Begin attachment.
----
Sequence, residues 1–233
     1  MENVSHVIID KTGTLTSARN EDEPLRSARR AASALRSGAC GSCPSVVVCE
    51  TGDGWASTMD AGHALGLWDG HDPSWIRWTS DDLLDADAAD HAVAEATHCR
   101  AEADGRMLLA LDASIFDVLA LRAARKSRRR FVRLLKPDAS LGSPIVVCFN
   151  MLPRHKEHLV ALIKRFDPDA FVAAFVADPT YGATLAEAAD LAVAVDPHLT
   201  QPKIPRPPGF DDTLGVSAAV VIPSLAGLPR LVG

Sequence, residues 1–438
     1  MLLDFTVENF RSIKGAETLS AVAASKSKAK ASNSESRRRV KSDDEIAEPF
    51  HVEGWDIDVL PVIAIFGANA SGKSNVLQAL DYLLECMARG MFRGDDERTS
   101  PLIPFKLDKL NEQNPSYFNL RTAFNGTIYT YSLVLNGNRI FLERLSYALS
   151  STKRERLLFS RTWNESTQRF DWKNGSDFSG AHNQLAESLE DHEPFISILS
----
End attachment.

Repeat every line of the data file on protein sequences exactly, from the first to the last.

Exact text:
Sequence, residues 1–233
     1  MENVSHVIID KTGTLTSARN EDEPLRSARR AASALRSGAC GSCPSVVVCE
    51  TGDGWASTMD AGHALGLWDG HDPSWIRWTS DDLLDADAAD HAVAEATHCR
   101  AEADGRMLLA LDASIFDVLA LRAARKSRRR FVRLLKPDAS LGSPIVVCFN
   151  MLPRHKEHLV ALIKRFDPDA FVAAFVADPT YGATLAEAAD LAVAVDPHLT
   201  QPKIPRPPGF DDTLGVSAAV VIPSLAGLPR LVG

Sequence, residues 1–438
     1  MLLDFTVENF RSIKGAETLS AVAASKSKAK ASNSESRRRV KSDDEIAEPF
    51  HVEGWDIDVL PVIAIFGANA SGKSNVLQAL DYLLECMARG MFRGDDERTS
   101  PLIPFKLDKL NEQNPSYFNL RTAFNGTIYT YSLVLNGNRI FLERLSYALS
   151  STKRERLLFS RTWNESTQRF DWKNGSDFSG AHNQLAESLE DHEPFISILS